Issue #52 May 2022


Touch is a strangely denigrated sense within philosophy. The debates rage over, predominately, the sphere of vision. It’s strange that it’s denigrated because we all secretly suspect that touch accesses the things-in-themselves. It is not riddled with distortions and illusions, perspectives and false lines of flight. If these seeming imperfections of vision imply to us the existence of some perfect models, floating around in some immaterial sphere, if what we see too often seems too far from the way it should be, what we touch seems to anchor us directly in the world we inhabit, and give us access to the things just the way they are.

But perhaps we suspect touch because of another aspect of it: because it so frankly and dispassionately communicates to us a border, a limit. It’s always clear with touch which side we’re on, and which side is inaccessible. We might be fooled by vision into believing we plunge into the depths of things, despite it being a mirage of surfaces, but touch really resists such flights of fancy. Our eyes extend our being to the stars, to the horizons and the abyss, while the world that our fingers and nerve endings inhabit is the confined space of a meaty diving suit.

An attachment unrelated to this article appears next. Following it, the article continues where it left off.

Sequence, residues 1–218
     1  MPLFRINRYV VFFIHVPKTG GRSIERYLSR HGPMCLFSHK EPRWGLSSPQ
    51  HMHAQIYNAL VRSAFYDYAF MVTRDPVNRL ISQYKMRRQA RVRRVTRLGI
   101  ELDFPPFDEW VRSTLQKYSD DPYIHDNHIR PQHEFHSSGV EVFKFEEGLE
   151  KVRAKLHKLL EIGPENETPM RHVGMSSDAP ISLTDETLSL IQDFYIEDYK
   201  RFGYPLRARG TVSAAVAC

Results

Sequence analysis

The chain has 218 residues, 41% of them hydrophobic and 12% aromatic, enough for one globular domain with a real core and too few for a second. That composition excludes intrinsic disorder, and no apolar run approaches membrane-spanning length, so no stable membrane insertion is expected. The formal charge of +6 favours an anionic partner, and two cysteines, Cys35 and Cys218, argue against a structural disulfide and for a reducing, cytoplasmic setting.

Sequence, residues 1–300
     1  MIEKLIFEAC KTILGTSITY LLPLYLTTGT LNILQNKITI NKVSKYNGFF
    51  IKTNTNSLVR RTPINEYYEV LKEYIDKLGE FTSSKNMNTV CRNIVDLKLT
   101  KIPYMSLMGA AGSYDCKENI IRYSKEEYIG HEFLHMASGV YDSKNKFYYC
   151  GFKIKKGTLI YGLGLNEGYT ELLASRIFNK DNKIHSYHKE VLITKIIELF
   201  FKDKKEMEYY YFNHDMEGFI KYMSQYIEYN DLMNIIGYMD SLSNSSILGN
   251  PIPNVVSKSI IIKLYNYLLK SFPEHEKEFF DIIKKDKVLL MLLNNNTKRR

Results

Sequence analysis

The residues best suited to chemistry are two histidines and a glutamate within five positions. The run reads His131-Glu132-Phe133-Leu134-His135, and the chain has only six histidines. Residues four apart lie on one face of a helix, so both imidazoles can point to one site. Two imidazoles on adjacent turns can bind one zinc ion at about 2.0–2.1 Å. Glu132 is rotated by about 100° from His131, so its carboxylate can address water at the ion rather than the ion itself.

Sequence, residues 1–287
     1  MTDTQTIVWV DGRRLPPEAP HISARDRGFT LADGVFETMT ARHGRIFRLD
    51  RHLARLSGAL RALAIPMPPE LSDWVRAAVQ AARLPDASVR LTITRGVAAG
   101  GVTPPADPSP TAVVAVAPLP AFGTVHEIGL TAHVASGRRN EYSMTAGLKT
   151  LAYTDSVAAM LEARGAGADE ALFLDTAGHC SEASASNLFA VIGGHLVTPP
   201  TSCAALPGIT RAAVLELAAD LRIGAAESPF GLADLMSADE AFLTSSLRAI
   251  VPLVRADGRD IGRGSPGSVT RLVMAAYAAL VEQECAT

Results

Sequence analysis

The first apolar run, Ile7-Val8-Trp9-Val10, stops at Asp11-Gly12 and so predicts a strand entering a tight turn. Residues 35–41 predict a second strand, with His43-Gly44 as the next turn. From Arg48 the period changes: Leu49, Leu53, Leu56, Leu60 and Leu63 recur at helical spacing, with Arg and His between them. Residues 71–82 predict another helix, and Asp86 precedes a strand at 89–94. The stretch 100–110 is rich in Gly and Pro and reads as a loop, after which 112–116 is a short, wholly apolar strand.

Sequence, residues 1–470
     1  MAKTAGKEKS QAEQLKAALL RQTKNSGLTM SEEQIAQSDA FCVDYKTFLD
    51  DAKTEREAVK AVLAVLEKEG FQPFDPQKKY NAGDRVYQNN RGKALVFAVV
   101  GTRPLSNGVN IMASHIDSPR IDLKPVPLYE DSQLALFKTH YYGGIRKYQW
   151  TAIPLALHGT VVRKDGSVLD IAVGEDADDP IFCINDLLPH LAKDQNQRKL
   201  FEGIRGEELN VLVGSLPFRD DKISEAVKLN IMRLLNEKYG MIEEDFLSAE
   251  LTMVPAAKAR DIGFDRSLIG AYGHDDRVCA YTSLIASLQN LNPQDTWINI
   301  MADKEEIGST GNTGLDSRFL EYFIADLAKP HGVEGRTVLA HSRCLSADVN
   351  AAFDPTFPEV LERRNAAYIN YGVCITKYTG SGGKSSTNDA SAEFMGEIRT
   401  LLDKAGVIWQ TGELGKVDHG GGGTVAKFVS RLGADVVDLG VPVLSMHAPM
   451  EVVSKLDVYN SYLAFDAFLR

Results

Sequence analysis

There may be another reason though; touch may be the model that we base our borders on; extending out from those bio-physical borders to become physico-political borders, until we are tracing edges to those vistas our eyes take in: “Where the sky touches the sea…” A mountain range, a river, a checkpoint. A condition, a limit case, a contradiction. There’s always something cruel about a limit, forming as it does some form of prohibition. And there’s always something creative about the transcendence of a border. After all, what is production, but the transgression of a boundary. You can’t create an omelette without piercing a shell.

Cover illustration: Anni Albers – “Orchestra III, from the portfolio Connections/1925/1983″ – (1984).


May 2022


Hegel's 1803 Ethics: Empiricism and the State of Nature

by Antonio Wolf

Hegel’s Conceptual Materialism: Finding Meaning in the Material World

by Jarrad Felgenhauer

By the shores of the inverted sea: Resistance, Contentment, and Extinction in Motoori Norinaga

by Raphael Chim

Border Crossing in the Time of Pandemic: COVID-19, mobility, belonging, and citizenship

by Edward Shiener